Some of the obvious benefits of crying will be itemised below so as to define in bold relief what science has found in connection with it.
1) Crying has been variously described by many workers in the behavioural science community as primarily an attachment behaviour that helps the crying person to attract both sympathy and emotional support from others around them. In this connection, its social benefit is well recognised as an important part of the healing process. It also helps in an immediate way to deal with sudden grief especially by helping to bring about calm and some self-control.
2) As a follow up on the first reason above, crying does help a lot of people to achieve some emotional balance following tragedy and loss. It improves the mood by increasing the production oxytocin, a hormone also released during orgasm primarily in women. Furthermore, oxytocin and endorphins can also help improve the ability to handle physical pain. For this reason, these hormones are also called the “feel good” hormones.
3) When people cry in response to stress, their tears are said to contain a number of stress hormones. Other chemicals are also a part of the secretions. Some researchers believe that the very act of crying reduces the levels of these hormones and chemicals in the body and therefore help to reduce stress. As women tend to cry more often than men, therefore, they become more adept at controlling their stress and looking healthier than men of a similar age and circumstance. They simply achieve that by crying more often.
4) When basal tears are secreted, they are released every time we blink and they thus help to keep the eyes moist by lubricating the mucous membranes. By doing so, the eyeballs are prevented from drying out and the resulting wetness actually helps the eyes to see objects more precisely. If the membranes do not get this kind of lubrication and they get to dry up, the vision becomes blurred and the eyes could even become damaged.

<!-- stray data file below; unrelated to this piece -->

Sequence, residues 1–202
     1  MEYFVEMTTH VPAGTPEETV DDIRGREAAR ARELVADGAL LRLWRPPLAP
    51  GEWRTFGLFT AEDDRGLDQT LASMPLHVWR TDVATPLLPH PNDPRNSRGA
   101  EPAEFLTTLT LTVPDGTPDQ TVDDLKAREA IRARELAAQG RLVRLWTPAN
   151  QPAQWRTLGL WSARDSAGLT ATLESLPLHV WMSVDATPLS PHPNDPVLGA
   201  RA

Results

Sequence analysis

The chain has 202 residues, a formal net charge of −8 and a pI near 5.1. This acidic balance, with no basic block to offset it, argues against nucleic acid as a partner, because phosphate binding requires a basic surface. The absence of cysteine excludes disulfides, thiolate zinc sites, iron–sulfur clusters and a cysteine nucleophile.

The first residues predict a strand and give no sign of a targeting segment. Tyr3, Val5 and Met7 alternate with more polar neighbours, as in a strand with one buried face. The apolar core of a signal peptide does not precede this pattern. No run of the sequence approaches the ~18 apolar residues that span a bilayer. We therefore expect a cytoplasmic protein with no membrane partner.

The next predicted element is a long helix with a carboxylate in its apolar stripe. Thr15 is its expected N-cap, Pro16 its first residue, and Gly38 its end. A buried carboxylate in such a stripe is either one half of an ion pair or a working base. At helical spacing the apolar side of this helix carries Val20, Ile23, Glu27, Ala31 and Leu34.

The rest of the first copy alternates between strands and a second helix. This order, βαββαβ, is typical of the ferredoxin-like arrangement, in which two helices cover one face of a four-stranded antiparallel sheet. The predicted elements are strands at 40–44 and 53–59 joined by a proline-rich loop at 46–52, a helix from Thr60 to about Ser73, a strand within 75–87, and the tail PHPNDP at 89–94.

5) Crying is said to help in killing bacteria by virtue of containing a fluid known as lysozyme, an agent with such antibacterial potency that it was found in a 2011 study to be powerful enough to contain a powerful organism like anthrax, a potential agent of bioterrorism.
6) In a landmark study in 2014, crying was found to have a genuinely soothing effect on individuals. That study also examined how crying affects the parasympathetic nervous system and thus helps people to relax. The study also found how people are therefore able to regulate their own emotions, achieve stability and bring themselves some measure of calm. It is not an easy status to achieve which goes to reinforce the notion that the activation of the parasympathetic nervous system plays an immense role in bringing that state about.
7) In a small study in 2015, it was determined that crying can help babies to sleep better. Whether such an effect is replicable in an adult has not yet been proved or even studied but the thinking at the present time is that the mood improvement and, pain-relieving effects of crying could actually help induce better sleep.
In taking all of this into consideration, there is no doubt that people should let go when they feel like crying; it may prolong life.